The open-sourced vSphere Automation SDKs have recently received an update. This update allows these SDKs to work with the RESTful API service of VMware Cloud on AWS. There are also a number of samples available within each SDK to list information about organizations, add and/or remove SDDCs, and manage the host count within an SDDC. These samples are easy to have operational within a few minutes of updating your local repo and are quite simple to integrate into your existing code!

Stay tuned for a more detailed look at getting started with each of these SDKs with the VMware Cloud on AWS service in the future.

For more information about the VMware Cloud on AWS service, see the following blog post: VMware Cloud on AWS Technical Overview
For more information about the VMware Cloud on AWS APIs, see the following blog post: An Overview of VMware Cloud on AWS APIs

VMware {code} Experience On Thursday Dec 14th | Containerized Storage, High Performance Networking with EC2, and MultiCluster Ingress Demo

On Thursday we’re hosting the Kubernetes Meetup group at VMware HQ for our final VMware {code} Experience of 2017! We’ll be hearing from speakers Murat Karslioglu, a VP at CloudByte, Chris Marino, CEO at New Networking Co, and Nikhil Jindal, a Software Engineer at Google on the topics of containerized storage, high performance networking with EC2, and setting up a multicluster ingress. Sound intriguing? Wait until we tell you that we ordered extra BBQ chicken pizza!

The event will kickoff with an opportunity to grab some beer & pizza, and a chance to get to know your neighbor. Please see the complete schedule below. If you’re planning to attend in person make sure to register on Meetup. Can’t make it in person? Not a problem! You can join us and thousands of your others virtually for the livestream on the VMTN Facebook page. See you Thursday!


Thursday, December 14th, 2017
6:00 – 9:00 pm
Prom C Cafeteria, VMware HQ
Watch the livestream on the VMTN Facebook page
Register to Attend on Meetup


6:00 – 6:15 – Networking
6:15 – 6:25 – Introductions
6:25 – 7:20 – 1st talk: Containerized Storage for Containers
10 minute break
7:30 – 8:00- 2nd talk: High Performance Networking in EC2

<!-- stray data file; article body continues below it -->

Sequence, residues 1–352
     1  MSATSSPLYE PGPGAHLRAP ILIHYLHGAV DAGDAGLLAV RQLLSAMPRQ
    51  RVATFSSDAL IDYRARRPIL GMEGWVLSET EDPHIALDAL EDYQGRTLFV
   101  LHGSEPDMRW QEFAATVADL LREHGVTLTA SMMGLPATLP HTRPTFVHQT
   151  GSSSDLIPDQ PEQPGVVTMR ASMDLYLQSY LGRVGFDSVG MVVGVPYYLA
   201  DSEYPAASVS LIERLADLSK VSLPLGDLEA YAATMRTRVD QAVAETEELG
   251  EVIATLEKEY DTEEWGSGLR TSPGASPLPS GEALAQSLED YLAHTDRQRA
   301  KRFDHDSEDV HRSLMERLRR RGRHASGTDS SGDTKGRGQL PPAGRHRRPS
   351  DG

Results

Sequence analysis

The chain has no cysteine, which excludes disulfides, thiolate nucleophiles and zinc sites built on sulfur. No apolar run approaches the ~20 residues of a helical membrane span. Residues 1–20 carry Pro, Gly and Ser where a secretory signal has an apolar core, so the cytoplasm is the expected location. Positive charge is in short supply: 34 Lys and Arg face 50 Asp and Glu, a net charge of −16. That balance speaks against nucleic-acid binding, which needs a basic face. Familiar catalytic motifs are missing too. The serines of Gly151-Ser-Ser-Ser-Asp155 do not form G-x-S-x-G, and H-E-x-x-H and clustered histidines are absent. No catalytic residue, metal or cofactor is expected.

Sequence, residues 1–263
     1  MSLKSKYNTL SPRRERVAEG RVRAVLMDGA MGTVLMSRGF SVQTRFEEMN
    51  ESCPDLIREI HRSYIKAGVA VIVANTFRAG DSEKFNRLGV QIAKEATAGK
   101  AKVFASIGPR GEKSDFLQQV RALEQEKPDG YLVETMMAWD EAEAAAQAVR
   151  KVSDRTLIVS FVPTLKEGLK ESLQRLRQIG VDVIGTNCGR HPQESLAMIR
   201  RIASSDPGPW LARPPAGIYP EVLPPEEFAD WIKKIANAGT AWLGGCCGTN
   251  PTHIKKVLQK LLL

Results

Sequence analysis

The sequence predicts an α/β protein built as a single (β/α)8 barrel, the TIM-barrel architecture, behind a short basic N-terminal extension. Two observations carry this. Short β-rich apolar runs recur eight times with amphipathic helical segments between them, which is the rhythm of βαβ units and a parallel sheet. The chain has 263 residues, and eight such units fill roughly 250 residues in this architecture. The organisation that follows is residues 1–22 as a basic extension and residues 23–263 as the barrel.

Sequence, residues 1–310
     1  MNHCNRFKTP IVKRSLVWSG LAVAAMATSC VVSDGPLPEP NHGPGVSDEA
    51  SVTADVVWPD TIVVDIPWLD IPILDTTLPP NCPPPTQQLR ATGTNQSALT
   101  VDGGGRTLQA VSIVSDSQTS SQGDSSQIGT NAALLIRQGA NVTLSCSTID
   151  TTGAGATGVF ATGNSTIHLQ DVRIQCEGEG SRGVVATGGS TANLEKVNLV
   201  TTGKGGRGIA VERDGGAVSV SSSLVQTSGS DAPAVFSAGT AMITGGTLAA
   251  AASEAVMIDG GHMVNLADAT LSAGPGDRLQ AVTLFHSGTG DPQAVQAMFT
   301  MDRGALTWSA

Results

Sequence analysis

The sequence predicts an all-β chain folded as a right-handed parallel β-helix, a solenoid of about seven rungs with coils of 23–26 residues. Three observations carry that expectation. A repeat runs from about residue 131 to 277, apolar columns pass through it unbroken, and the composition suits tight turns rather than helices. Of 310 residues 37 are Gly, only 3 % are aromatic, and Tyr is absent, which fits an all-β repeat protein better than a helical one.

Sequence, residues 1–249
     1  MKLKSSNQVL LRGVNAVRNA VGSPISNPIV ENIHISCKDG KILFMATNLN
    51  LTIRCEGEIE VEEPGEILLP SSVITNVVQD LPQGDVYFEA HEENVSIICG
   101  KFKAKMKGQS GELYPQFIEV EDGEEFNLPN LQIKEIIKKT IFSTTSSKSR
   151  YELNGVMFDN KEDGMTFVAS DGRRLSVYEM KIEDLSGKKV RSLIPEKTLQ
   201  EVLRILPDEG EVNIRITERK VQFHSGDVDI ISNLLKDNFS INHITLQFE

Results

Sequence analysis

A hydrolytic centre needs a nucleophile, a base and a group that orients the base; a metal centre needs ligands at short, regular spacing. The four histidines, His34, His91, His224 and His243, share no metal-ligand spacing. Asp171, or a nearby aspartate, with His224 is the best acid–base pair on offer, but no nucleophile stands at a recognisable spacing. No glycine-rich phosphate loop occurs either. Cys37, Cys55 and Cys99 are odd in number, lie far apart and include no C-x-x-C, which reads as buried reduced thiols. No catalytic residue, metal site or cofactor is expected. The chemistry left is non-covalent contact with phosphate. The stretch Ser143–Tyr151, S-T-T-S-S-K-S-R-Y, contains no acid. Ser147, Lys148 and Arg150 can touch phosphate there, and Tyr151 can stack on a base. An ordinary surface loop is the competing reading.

8:00-8:10 – Demo: Multi-Cluster Ingress Demo

VMware {code} is a free developer program that provides access to a growing community of developers and experts. If you are an existing Developer Center user or partner program member, you can join the new VMware {code} program using your MyVMware account. If you do not have one, register below to access SDKs and participate in developer forums.

Join VMware {code}

Maximize Developer Velocity with Containers: 11/29 VMware {code} Experience Follow-up

VMware {code} Meetup attendees enjoy some beer and pizza while listening to the sessions (Photo credit: Chuck Potter)

Thanks to everyone who attended the VMware {code} sponsored OpenStack Meetup last Wednesday! We had over 50 people join us in person to eat pizza, drink beer, and network at VMware HQ, and almost 1,500 virtual attendees watching the livestream on the VMTN Community Facebook page. Watch the full event below.

Thanks for the great footage OpenTechTV!

Sabari Murugesan (@neosab87), OpenStack Staff Engineer at VMware, led a great session on running Kubernetes on OpenStack. In this session Sabari covered ease of deployment of Kubernetes on OpenStack, the flexible control plane, and the advantages of the cloud provider interface.

Sabari Murugesan – Staff Engineer at VMware (Photo credit: Chuck Potter)

Know what you need before you need it.

Dustin Kirkland (@DustinKirkland), VP of Product Development at Ubuntu, spoke about how to maximize developer velocity with containers, and identified countless cases of where Ubuntu has enabled companies in the container space.

Dustin Kirkland – VP of Product Development at Ubuntu (Photo credit: Chuck Potter)

Trade winds have been used by captains of sailing ships to cross the world’s oceans for centuries.

Please find the slides for Sabari and Dustin’s presentations below:

The sessions were followed by some Q&A with Dustin, as well as 30 minutes of networking with the speakers. Our next VMware {code} Experience is coming up on December 14th, covering Containerized Storage, HighPerf Networking w/ EC2, and MultiCluster Ingress Demo. We hope to see you there!

Join the VMware {code} program for free to chat with other developers on our Slack channel, and to be notified about future VMware {code} Experiences, including Meetups, hackathons, trainings, and more!